How many comebacks can a legendary artist make before the public finally understands that the legend never really went anywhere?
For the legend that is Bob Dylan, the answer more than just blows in the wind, it thankfully dissipates into the ether.
As elusive as the public’s fancy may be, what should matter is that great music, filled with wisdom and soulful expression by musicians who really care, stands the test of time.
With “Tempest,” Bob Dylan has proved once again that a truly great artist ages like fine wine—and tastes more and more relevant as one’s own taste becomes refined.
In the now iconic 2004 60 Minutes interview with the late Ed Bradley, Bob remarked on writing classics such as “Blowin’ In the Wind” and “It’s Alright Ma, I’m Only Bleeding”:
I don’t know how I got to write those songs, those early songs were almost magically written…try to sit down and write something like that, there’s a magic to it, and it’s a not Siegfried and Roy type of magic. It’s a different kind of penetrating magic, and I did it at one time.
When Ed asked if Bob thought he could still do it today, he shook his head no.
When Ed then further queried Bob if that disappointed him, he responded, “Well, you can’t do something forever. I can do other things now, but I can’t do that.”
On the 50th anniversary of his career, “Tempest” is the fifth studio album in a row since 1997’s “Time out of Mind” that shows just how extraordinary his “other things” can be, even if he’s a 71-years-old, whose voice often cracks like an old 78-record, or croaks like a wise bullfrog.
The sound is vintage Americana-rockabilly and European-folk music, along with a stylish touch of Tejano influence from the likes of David Hidalgo of Los Lobos (guitar, accordion, violin).
His band of Charlie Sexton and Stu Kimball (guitars), Tony Garner (bass), Donnie Herron (steel guitar, banjo, violin, mandolin) and George G. Receli (drums) deserve a ton of credit for melding with Bob’s observational grumblings and making the record sound like a gem from half a century ago. Bob made sure of that with his self-production under the handle Jack Frost.
The opening track and first video of the album, “Duquesne Whistle,” is a cheerful sounding train romp with both a country and Pacific Island twang, all played to the words of former Grateful Dead lyricist Robert Hunter—marking the only song of the LP where the lyrics are not written by Bob himself.
The next cut, “Soon After Midnight,” is perhaps the most soothing and romantic of the LP, reminiscent of Love & Theft’s “Moonlight.” Bob croons, “It’s soon after midnight and I have a date with the Fairy Queen” and “It’s now or never more than ever, when I meet ya I didn’t think you’d do/ It’s soon after midnight, and I don’t want nobody but you.”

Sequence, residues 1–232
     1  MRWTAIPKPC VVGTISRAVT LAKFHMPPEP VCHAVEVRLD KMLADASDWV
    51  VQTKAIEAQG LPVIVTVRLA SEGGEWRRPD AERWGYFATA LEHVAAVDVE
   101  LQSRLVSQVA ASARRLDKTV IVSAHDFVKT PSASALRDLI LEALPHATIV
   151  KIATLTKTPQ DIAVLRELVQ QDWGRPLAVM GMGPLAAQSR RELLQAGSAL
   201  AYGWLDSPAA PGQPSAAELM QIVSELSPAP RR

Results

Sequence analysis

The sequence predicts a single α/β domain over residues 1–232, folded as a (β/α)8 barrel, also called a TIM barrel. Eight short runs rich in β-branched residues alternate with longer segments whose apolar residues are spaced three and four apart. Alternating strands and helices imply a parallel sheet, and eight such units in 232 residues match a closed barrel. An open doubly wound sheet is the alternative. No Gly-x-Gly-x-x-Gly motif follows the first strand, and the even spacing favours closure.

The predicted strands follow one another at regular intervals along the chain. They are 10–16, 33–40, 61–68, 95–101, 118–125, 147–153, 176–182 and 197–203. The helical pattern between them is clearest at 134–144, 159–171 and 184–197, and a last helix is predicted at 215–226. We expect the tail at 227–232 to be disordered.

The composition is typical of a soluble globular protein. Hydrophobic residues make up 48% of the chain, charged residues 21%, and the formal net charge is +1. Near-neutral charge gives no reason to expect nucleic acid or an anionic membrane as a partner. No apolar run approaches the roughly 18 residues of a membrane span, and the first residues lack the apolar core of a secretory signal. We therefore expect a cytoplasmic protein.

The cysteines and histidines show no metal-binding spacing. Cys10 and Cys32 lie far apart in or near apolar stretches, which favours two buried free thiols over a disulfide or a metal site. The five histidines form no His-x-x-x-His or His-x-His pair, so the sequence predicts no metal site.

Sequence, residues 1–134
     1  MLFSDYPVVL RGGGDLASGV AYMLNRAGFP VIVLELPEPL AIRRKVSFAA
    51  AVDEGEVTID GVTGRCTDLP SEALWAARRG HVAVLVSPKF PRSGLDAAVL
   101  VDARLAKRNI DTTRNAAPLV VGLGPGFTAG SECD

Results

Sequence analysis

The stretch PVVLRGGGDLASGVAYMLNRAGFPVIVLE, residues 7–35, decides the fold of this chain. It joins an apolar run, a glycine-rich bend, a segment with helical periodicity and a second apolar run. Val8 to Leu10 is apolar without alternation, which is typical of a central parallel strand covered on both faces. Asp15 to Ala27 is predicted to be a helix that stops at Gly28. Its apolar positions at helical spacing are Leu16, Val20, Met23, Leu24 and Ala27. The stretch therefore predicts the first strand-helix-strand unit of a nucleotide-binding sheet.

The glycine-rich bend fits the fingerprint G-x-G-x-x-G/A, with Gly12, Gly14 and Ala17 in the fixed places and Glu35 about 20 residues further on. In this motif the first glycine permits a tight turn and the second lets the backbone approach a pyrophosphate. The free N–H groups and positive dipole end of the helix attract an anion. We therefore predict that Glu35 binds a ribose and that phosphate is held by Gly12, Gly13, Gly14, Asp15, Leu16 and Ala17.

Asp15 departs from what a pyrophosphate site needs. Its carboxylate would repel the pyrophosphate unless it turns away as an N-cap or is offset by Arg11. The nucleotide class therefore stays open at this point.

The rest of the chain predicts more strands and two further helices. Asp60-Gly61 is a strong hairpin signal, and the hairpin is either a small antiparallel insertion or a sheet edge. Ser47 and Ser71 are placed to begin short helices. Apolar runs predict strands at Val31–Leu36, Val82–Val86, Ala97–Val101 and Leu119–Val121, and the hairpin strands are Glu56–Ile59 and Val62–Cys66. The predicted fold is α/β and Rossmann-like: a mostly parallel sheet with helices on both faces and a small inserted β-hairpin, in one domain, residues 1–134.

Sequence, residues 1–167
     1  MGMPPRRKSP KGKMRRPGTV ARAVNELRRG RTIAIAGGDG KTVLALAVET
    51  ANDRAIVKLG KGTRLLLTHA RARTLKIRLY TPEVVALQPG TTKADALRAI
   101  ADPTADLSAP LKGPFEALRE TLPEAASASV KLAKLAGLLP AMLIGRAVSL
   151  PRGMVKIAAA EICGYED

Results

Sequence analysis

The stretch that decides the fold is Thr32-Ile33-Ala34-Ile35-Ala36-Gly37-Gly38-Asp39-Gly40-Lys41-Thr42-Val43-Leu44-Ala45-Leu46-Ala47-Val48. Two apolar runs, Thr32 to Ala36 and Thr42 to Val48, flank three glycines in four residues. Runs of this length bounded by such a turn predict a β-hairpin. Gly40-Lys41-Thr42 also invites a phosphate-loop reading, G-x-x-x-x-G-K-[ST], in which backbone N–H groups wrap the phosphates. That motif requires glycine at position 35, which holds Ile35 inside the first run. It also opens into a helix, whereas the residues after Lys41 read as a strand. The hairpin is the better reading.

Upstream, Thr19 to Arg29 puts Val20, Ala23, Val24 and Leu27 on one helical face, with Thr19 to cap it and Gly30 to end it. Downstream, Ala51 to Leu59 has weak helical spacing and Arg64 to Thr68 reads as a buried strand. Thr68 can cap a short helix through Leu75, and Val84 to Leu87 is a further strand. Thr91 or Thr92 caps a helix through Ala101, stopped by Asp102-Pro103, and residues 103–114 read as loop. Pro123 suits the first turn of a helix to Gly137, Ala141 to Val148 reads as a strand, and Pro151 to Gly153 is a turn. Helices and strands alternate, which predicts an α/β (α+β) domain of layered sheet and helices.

“Narrow Way” the third track on the album, is a bluesy number, replete with fiddle and the soon to be Dylan-catch-phrase “If I can’t work up to you, you’ll surely have to work your way down to me someday.”
“Pay in Blood” has a rock edge to it that warns of revenge, “Here me holler, hear me moan, I pay in blood but not my own.”
If you think that’s alarming, “Scarlet Town” is downright scary, starting out on the edge of hell and then delving deeper into it for a closer look. The banjo, fiddle and vocals remind one of the atmospheric and mystical “Ain’t Talkin’” from his 2006 album Modern Times. Bob mysteriously sings, “Put your heart on a platter and see who’ll bite/ See who will hold you and kiss you goodnight.”
“Early Morning Kings” is a 12-bar blues tongue-in-cheek number about early mobsters. He has tons of fun with lyrical metaphor and innuendo. In it he declares, “I ain’t dead yet—my bell still rings.”
“Tin Angel” is a vintage seven-minute-plus, 28-verse track with Bob as the storyteller spinning a yarn of a two-timing lover that leads to death and destruction—all to the folksy sound of plucking banjo, snare drum and the double bass.
The imagery is sometimes stunning: “He lowered himself down on a golden chain/ His nerves were quaking in every vein/ His knuckles were bloodied, he sucked in the air/ He ran his fingers through his greasy hair.”
Topping it all is the title track “Tempest,” a wondrous tale of the sinking of the Titanic in beautifully metered poetic fashion. The 45 verses, without a chorus, is almost 14 minutes long and worth every second of your attention—again and again and again.
Perhaps the most heartfelt of all tracks is the last song of the LP, “Roll On John,” a tribute to John Lennon that will send shivers down the spine of Lennon fans.
The chorus, “Shine your light. Move it on. You burn so bright—roll on, John” makes one feel that John Lennon has moved onto another body in another universe somewhere to spread his message of love and that somehow, despite the pain, everything is all right.
In “Tempest” you get a little a bit of everything that a 71-year-old legend can offer: his dark awareness of mortality, his unique wit, his masterful storytelling, his yearning for romance, and his deep feelings of philosophy and spirituality. And if you listen with an open heart, without comparing it to what once was, your soul is sure to be warmer and richer from the experience.